Every writer gets into a rut at some point. You write a book. And another. And another. Pretty soon they all have the same plot, the same kinds of characters, and the same sorts of villain.
How do you conquer this writing rut? By following three simple steps.
When I’m in a writing rut, it’s bad. I rarely write more than five-hundred words a day, my characters all have the same personality, and my plots all start to involve a quest to retrieve some sort of magical artifact.
Fortunately, there are a few tricks you can use to get rid of these nasty ruts.
1. Write in a different genre
If all you’re writing is fantasy or mystery, try writing something else. I write a lot of middle-grade/YA fantasy, but just one romantic short story and contemporary YA novel has completely changed my writing style. I’m actually excited about my writing and I rarely have writer’s block.
2. Do some free writing
Turn on some classical music, lock yourself in your bedroom, and let loose. Write poetry, write about what you did yesterday, write crap. Soon your creative juices will start to flow and you’ll come up with some brand new ideas.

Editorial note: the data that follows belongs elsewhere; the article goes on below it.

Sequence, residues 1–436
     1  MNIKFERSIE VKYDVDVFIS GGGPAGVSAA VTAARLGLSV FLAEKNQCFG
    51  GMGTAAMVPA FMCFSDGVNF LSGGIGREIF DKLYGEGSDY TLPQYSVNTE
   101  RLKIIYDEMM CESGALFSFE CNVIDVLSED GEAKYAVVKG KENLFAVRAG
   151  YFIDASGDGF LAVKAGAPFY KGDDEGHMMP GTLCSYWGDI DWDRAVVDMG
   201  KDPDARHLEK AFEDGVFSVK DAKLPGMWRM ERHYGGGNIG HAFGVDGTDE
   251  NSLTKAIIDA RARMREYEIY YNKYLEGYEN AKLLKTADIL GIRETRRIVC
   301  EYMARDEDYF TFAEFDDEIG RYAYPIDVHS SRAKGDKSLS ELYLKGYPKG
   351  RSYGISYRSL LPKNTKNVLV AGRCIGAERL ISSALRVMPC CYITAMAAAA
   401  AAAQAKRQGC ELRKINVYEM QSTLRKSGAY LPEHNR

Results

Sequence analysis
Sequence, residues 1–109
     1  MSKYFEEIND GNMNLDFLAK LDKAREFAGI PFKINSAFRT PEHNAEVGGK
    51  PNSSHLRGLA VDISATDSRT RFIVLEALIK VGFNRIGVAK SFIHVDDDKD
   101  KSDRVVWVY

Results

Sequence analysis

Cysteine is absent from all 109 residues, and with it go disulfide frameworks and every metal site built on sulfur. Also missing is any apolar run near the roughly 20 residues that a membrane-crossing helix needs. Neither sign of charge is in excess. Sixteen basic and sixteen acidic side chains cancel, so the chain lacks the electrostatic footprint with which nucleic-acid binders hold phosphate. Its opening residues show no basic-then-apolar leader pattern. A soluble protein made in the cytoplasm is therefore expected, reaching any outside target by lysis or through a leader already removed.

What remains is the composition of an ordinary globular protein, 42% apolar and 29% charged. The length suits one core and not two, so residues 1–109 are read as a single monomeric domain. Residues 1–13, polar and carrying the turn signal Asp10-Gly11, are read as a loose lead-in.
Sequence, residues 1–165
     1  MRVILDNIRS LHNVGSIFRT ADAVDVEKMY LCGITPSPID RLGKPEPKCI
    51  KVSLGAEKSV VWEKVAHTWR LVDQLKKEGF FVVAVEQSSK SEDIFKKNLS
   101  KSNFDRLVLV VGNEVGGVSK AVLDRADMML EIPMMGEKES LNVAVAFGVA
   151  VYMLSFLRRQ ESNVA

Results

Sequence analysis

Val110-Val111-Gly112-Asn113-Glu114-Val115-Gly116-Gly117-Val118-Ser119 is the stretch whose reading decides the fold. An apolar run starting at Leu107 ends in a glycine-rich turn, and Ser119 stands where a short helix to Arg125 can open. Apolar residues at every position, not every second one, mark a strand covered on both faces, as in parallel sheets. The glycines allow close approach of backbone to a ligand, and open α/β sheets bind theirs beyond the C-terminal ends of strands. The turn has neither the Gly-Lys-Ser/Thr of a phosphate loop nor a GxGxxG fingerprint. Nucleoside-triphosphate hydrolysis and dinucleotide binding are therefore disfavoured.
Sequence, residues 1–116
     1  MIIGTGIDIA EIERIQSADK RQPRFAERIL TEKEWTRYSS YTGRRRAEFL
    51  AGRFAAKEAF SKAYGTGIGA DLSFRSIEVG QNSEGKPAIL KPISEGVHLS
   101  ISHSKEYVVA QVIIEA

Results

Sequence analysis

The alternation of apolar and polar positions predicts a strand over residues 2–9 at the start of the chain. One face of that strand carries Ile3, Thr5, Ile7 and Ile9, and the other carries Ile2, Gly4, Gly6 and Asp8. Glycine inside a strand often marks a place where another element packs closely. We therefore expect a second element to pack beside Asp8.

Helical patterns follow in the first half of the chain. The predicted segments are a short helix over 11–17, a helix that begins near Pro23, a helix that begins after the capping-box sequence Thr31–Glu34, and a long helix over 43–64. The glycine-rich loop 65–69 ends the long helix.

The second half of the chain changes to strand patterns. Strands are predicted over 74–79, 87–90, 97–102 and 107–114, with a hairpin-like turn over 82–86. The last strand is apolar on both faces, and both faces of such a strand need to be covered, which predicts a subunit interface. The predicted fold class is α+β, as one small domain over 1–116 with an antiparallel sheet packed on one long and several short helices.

3. Inspire yourself
Read a book, watch a movie, listen to some music, talk to your writer friends. One of my favorite things to do when I’m in a rut is to look for an inspiring image online and write using that picture as a prompt. You know what they say: a picture’s worth a thousand words. (Or in my case, two-thousand).
When your rut is gone, it is utter bliss. It feels likes an invisible cage that was trapping your imagination has been unlocked and suddenly your typing is a cacophony of clicks and clacks.
Writing ruts can be difficult to get rid of, but with a little time and a lot of writing, it’ll be gone. Take it from someone who’s written three books with a shy, nerdy main character.
What are some of your tricks to conquering writing ruts? Share in the comments.
~The Magic Violinist